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King County officials plan Metro Transit cuts in fall

With the defeat of King County Transportation District Proposition 1, King County officials plan to prepare for a reduction in transit service starting this fall.

With a second count of ballots reported Wednesday afternoon by King County Elections, Proposition 1 is behind with a 54.5 percent no vote.

“The voters have not rejected Metro. They have voted against this particular means of funding Metro – the only one available under state law. A state transportation package has always been our first choice. But, after years of trying, time ran out for action in Olympia,” said King County Executive Dow Constantine in a media release. “We gave the voters a choice, and presented a proposal for saving Metro Transit and maintaining our roads. They have chosen a reduced level of service, and we will carry out the will of the voters. Tomorrow (Thursday) I will transmit legislation to the King County Council to reduce service by 550,000 hours and eliminate 72 bus routes.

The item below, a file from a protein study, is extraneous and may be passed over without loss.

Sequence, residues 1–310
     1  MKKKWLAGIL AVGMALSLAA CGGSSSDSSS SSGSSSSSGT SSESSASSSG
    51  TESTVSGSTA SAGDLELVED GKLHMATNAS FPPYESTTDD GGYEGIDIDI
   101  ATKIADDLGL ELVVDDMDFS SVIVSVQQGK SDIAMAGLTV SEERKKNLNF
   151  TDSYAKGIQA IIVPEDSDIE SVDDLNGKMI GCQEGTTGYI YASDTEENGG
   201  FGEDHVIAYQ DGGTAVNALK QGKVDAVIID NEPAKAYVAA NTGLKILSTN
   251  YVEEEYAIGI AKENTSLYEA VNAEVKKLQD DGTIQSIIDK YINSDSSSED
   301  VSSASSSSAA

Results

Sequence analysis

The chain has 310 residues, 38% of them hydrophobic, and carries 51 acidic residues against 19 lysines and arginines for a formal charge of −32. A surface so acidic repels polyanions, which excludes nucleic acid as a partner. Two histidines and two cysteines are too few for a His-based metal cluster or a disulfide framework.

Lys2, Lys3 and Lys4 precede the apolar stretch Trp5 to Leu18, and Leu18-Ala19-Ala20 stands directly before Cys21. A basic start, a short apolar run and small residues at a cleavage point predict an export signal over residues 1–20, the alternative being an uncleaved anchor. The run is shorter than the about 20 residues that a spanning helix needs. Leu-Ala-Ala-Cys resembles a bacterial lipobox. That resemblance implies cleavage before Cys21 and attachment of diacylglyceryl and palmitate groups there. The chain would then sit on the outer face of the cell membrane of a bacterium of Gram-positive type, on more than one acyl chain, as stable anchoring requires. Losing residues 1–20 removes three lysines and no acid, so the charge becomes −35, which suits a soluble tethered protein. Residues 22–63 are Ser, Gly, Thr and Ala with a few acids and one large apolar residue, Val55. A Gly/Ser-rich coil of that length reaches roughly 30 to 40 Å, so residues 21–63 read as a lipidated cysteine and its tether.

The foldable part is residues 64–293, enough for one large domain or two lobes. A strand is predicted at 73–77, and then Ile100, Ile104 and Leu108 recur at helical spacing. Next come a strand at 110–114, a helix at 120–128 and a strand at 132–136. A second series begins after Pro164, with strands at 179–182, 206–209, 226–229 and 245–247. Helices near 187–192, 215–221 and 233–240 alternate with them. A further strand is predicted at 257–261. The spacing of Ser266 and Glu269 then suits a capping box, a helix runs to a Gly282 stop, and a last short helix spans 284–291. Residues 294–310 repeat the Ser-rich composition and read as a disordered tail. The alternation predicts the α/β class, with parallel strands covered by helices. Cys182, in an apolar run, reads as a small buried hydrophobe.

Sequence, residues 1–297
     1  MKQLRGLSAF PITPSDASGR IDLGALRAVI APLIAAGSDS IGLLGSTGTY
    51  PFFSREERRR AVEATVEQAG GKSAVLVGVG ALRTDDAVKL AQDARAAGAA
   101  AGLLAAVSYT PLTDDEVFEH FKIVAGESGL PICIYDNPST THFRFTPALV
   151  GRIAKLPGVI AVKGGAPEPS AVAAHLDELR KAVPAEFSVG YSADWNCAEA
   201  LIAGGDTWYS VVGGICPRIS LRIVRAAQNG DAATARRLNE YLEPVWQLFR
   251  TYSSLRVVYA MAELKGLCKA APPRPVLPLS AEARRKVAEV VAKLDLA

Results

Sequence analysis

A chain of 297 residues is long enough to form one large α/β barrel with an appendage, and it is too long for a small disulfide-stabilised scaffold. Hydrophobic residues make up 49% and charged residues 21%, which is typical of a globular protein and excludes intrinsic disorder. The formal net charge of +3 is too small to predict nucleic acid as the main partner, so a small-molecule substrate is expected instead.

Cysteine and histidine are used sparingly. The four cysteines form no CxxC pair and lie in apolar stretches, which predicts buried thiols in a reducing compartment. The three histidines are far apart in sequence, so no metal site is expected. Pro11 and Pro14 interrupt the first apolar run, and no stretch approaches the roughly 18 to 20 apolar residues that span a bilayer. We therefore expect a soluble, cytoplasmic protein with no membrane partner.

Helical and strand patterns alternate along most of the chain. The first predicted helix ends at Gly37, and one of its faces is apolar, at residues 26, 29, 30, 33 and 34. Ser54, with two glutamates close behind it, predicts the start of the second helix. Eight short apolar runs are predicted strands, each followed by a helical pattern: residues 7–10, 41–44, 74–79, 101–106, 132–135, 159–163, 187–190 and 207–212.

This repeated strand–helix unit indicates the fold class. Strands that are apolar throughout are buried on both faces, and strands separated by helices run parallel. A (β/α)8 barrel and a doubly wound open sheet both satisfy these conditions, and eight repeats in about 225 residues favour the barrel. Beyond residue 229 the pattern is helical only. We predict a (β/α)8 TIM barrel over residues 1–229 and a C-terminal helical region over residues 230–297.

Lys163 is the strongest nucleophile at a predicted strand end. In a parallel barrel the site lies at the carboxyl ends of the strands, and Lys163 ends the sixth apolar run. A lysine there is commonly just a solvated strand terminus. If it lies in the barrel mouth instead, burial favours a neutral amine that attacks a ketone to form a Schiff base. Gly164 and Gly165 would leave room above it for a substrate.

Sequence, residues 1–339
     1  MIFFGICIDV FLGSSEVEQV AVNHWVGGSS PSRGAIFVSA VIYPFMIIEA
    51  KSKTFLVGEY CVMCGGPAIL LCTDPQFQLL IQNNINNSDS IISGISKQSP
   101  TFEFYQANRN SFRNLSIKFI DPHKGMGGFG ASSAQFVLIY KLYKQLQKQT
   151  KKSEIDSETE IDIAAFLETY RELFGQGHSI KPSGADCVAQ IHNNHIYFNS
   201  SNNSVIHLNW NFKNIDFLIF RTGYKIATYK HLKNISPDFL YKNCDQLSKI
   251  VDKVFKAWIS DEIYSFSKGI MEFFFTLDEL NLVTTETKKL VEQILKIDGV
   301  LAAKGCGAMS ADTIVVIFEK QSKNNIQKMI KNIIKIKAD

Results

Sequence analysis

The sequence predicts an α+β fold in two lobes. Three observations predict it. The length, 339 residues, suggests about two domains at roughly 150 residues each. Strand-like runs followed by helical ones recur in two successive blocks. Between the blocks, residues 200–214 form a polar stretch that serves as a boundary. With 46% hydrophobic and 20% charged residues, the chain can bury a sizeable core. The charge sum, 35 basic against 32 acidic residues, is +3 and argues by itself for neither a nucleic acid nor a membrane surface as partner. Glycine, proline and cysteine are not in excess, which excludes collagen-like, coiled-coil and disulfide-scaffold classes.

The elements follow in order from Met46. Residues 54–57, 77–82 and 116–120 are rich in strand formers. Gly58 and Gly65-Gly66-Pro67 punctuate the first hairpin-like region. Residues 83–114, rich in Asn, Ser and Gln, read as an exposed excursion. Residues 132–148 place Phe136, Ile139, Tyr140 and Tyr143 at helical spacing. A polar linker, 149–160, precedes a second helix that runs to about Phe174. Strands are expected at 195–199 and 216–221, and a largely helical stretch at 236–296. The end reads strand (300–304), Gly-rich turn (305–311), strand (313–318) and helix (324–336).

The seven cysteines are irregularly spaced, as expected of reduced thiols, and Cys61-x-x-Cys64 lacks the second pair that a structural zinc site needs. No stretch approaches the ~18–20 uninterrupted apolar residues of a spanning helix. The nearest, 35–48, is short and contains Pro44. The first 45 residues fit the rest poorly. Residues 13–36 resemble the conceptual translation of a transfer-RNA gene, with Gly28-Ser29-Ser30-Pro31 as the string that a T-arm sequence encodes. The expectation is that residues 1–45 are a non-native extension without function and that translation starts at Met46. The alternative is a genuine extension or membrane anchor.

“I want to thank the unprecedented coalition that backed this effort, and all the volunteers who worked so hard on it, as well as the thousands of bus operators who keep our communities moving each day."

“The impact of the forthcoming cuts will be widespread and impact every community in King County. I am committed to making them as fair as possible,” said Councilmember Rod Dembowski, chair of the Council’s Transportation, Economy and Environment Committee. “To do that, the Transportation, Economy and Environment committee will be conducting several public hearings as we implement our policy governing service reductions. Dates and times of these meetings will be shared with the public soon.”

Proposition 1 would have implemented a $60 vehicle fee and increased the King County sales tax by 0.1 percent, with the revenues being directed toward maintaining Metro Transit bus service at its current hours and supporting road repair and maintenance in cities. With the rejection of Proposition 1, starting in September, Metro will implement the adopted phased-in plan to eliminate 72 bus routes and reduce or revise another 84 routes to live within reduced revenues.

The County Council’s Transportation, Economy and Environment Committee is preparing to hold a series of special night meetings to receive public comment on the executive’s proposed legislation, which the full Council is expected to act on before the end of May.

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